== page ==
Friday, August 24, 2007

A reasonable outcome

As a footnote to my previous post, the "modest award" granted to Mrs North by the Court of Appeal was periodical payments of £3000 per annum.

The first question that may be asked is: why should she get anything? Well, the Court of Appeal took the view that her circumstances were not entirely of her own making - she sustained substantial losses to her investments which Lord Justice Thorpe "characterised as misfortune rather than mismanagement" - and the nominal maintenance order made previously was clearly intended as a 'safety net'. As her need was "self evident", there should be an upward variation in the nominal order. As Mr North was a "rich man", "modest further financial support for his former wife would have minimal impact on his economy".

Why then only £3000 per annum, far less than her needs, as determined by the Principal Registry? Well, this is where Mrs North's extravagant lifestyle counted against her. As the Court stated: "She has largely made her own bed and must expect to lie in it", or to put it another way, why should Mr North be entirely responsible?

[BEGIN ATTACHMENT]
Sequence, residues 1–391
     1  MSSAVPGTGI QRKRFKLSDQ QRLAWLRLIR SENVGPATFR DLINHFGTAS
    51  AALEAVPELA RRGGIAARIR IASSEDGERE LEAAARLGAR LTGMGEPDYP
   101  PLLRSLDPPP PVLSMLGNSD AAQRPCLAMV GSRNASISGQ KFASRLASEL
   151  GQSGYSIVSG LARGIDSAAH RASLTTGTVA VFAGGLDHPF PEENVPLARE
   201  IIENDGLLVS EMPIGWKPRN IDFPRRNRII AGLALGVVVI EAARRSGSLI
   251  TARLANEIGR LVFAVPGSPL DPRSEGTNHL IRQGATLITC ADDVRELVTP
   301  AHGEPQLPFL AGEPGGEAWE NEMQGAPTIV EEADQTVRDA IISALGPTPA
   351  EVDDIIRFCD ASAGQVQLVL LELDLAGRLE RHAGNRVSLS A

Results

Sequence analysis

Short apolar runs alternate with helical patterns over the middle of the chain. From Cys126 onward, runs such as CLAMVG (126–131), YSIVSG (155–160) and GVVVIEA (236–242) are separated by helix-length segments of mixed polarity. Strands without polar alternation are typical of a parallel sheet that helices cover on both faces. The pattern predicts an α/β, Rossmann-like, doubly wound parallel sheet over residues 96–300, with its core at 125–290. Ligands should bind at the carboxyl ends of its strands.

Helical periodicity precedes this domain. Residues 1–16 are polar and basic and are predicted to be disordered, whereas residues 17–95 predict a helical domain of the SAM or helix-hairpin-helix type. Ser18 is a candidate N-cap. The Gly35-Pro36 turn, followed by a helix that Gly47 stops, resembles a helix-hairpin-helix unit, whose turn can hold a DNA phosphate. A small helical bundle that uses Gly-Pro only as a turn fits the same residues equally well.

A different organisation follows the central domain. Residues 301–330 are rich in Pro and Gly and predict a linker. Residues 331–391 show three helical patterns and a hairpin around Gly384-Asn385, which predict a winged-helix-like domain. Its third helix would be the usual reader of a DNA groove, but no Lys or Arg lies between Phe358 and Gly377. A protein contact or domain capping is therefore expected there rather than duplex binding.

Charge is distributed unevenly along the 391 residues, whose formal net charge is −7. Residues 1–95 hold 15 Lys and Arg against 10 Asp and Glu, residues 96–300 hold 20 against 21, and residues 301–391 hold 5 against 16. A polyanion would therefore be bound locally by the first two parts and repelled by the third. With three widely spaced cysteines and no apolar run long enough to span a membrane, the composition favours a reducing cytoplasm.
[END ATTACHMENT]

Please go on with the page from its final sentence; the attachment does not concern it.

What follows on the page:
The Court anticipated that the parties would agree a capitalisation of the maintenance, so that Mrs North's outstanding claims could be dismissed.

It seems to me that this was an entirely reasonable and logical outcome, despite the media outcry. The full report can be found here.

1 comment:

  1. I'm tempted to agree with a previous commentator that the judiciary are mad. Sure £3k is not much in view of the husbands assets - but on the other hand why should he pay *anything*.

    I think your previous point is right: there is a mishmash of principle and conflicting judgments that need statutory tidying up.

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